Mail and Guardian
A Sapa reporter at the scene said he counted 18 bodies lying next to the nearby Wonderkop squatter camp. The shooting lasted about three minutes.
Police had tried to intercept a section of the strikers gathered on top of a hill.
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The strikers were wielding pangas and chanting war songs. Police fired teargas and then used a water cannon to disperse the strikers, who retaliated by firing live ammunition at the police.
The area around the hill, which the strikers had turned into their base for the past few days, was cordoned off with barbed wire.
The strikers scattered towards the squatter camp and the nearby veld.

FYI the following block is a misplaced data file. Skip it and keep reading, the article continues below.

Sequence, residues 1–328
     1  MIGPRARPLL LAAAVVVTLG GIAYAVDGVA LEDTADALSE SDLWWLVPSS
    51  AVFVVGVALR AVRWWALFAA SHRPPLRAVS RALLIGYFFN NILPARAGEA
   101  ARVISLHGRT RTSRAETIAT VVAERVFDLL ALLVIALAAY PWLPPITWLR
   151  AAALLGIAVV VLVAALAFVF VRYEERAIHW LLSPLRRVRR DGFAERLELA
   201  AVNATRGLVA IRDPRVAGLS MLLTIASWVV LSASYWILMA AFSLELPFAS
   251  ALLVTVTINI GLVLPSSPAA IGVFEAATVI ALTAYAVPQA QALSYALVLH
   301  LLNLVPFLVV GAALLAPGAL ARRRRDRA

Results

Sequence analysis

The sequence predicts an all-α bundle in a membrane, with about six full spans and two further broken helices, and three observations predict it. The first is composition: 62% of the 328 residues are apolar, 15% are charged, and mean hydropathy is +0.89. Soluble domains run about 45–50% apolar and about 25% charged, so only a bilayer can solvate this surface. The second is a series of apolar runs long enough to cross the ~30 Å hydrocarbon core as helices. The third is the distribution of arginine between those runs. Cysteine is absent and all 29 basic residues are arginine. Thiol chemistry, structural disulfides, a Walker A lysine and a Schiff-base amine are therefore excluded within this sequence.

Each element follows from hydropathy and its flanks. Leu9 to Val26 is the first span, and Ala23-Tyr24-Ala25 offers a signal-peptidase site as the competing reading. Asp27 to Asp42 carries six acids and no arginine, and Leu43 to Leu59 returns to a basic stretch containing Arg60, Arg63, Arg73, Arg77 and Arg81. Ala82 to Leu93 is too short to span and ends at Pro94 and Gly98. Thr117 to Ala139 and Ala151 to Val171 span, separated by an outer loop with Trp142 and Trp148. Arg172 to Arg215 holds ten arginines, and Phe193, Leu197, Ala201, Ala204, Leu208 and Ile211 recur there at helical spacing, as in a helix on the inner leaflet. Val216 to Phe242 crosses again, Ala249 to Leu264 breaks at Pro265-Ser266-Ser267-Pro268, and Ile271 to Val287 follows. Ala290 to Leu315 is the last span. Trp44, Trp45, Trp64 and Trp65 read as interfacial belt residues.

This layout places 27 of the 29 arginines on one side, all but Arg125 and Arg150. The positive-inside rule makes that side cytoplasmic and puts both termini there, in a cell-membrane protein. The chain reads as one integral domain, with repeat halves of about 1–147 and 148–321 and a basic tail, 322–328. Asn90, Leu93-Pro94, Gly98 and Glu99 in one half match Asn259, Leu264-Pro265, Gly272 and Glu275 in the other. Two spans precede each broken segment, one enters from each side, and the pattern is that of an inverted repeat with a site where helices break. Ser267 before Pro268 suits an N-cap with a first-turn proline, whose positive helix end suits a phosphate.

Police spokesperson Captain Dennis Adriao told journalists at the scene police had been “tactical” in their approach and that the situation was tense.
Police officers said talks with leaders of the radical Association of Mineworkers and Construction Union (Amcu) had broken down, leaving no option but to disperse them by force.
“Today is unfortunately D-day,” Adriao said.
Ten people, including two policemen, have died in nearly a week of fighting between rival worker factions at the mine, the latest platinum plant to be hit by fallout from an eight-month union turf war in the world’s main producer of the precious metal.
On Wednesday, up to 3 000 police officers, including members of an elite, camouflage-wearing riot control unit backed by helicopters and horses, confronted the striking rock-drill operators, but there were no clashes.
Before the police advance, Joseph Mathunjwa, president of Amcu, which has been on a big recruitment push in South Africa’s platinum mines, said there would be bloodshed if police moved in.
“We’re going nowhere,” he shouted through a loudhailer, to cheers from the crowd. “If need be, we’re prepared to die here.” Read more…